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Specific details needed...

post #1 of 7
Thread Starter 

I've scanned through almost every post on chin acne and skin problems, and even checked out some very good links, but still I am unsure about what my cat's problem is.

I was scratching him under his chin as I normally do when I felt a fairly large scab. He pulled away so I just left it and thought perhaps he had a little injury. I've been checking it off and on over the past couple of weeks and started to become concerned because it wasn't going away... now the scabs are spreading and there are a couple of red sores along the edge of his mouth. It doesn't "appear" to bother him at all unless I touch that area, but the red sores don't look too good.

From what I've read on feline acne, there is much mention of it sometimes "getting bad" but no specific details of what "bad" actually is (ie. does that include red sores, scabbing?). I haven't noticed any blackheads, black "dirt" or small bumps, my cat is not scratching that area at all and there is no hair loss. He is otherwise acting normally. The only other thing I found strange before the scabs appeared was some watering and very mild discharge from one of his eyes for a couple of weeks (now cleared up).

Whenever there is mention of allergies or acne I notice that either hair loss or itching or both seem to be part of the equation, but I haven't come across anything that just mentions scabs and red sores.

Can anyone help me here? One of the reasons I'm not running to the vet is because I prefer to stay away from standard medication and treat what I can holistically. Both of my cats are senior, energetic with very shiny coats and (knock on wood) have never been sick!

Thanks so much for any help.
post #2 of 7
Hi and welcome to TCS.

What you're describing doesn't sound like feline acne to me, although I'm not a vet. It may be Eosiniphillic Ulcer/Granuloma or perhaps dermatitis caused by fleas or allergies.
post #3 of 7
From www.vetinfo4cats.com:

There are several conditions that can resemble feline acne. These include Malassezia infection (yeast infection) of the chin, demodectic mange, deep bacterial follicle infections, usually with Staph bacteria or Pasteurella bacteria and ringworm (dermatophytosis).
post #4 of 7
[quote=fluid] One of the reasons I'm not running to the vet is because I prefer to stay away from standard medication and treat what I can holistically.

I'd go to the vet, for a diagnosis if nothing else. Some vets nowadays use 'alternative' therapies in addition to conventional medicines - perhaps you could find one near you that could offer the kind of treatment you prefer? I use a very ordinary vet surgery, but they are always willing to discuss unconventional treatment, and can often recommend people to do the treatment if they are not familiar with it themselves. Try it and see - you might be surprised!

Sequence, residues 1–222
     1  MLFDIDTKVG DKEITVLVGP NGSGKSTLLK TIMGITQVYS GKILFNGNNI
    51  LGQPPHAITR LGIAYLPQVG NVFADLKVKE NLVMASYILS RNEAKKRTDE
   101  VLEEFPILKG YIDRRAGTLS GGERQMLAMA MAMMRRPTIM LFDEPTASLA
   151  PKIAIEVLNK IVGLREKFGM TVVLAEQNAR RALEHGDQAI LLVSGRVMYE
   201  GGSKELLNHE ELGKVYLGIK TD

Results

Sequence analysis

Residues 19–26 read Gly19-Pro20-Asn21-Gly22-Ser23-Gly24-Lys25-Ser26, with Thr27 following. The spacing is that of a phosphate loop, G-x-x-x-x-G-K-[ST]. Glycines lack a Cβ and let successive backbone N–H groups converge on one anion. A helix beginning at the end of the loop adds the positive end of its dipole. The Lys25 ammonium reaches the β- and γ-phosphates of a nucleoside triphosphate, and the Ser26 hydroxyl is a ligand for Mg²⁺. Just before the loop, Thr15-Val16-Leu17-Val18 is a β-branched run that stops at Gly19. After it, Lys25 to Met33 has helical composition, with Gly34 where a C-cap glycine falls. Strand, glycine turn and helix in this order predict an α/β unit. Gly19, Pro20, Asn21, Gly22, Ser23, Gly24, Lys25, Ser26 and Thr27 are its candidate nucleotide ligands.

post #5 of 7
I have heard of feline acne getting bad enough that it turned into red sores and scabs. Happened to my friends cat virtually overnight. She took him to the vet and he explained that when it gets bad enough to turn to open sores, it is often infected and requires antibiotics. She had to do a very aggresive cleaning a couple of times a day and he was put on antibiotics. Cats with white chins are more susceptable for some reason. I have to recommend that you have a vet look at your poor baby!
post #6 of 7
Amy, I agree, feline acne can manifest itself like this. It's the red sores on this cat's lips that make me think it might be something else, specifically Rodent Ulcers (Eosiniphillic Ulcers).
post #7 of 7
Thread Starter 
Thanks everyone for your comments. I've been researching some of the skin ailments listed and so far Eosiniphillic Granuloma most resembles the problem. At closer look, in daylight, I noticed that the sores are more pink and raised, some by themselves (on each side of the lower lip) and also a small cluster under the chin.

To be honest, the real reason I don't like going to the vet is because of vaccinations. I'm sure that many of you would be appalled that I don't believe in them and never get my outdoor cats vaccinated. I don't believe in them for humans either and have many friends who do not vaccinate their children. It's a controversial subject to say the least, but so far my cats have been exceptionally healthy and their generally smart enough to stay away from trouble. I've also come across some wholistic vets on the web who don't think too highly of vaccinations either. Unfortunately in order to see a vet, the cats must be vaccinated, such is my dilemma.

At any rate, I appreciate everyone's help and I'm going to try and do all I can topically before slinking off to the all mighty medical establishment
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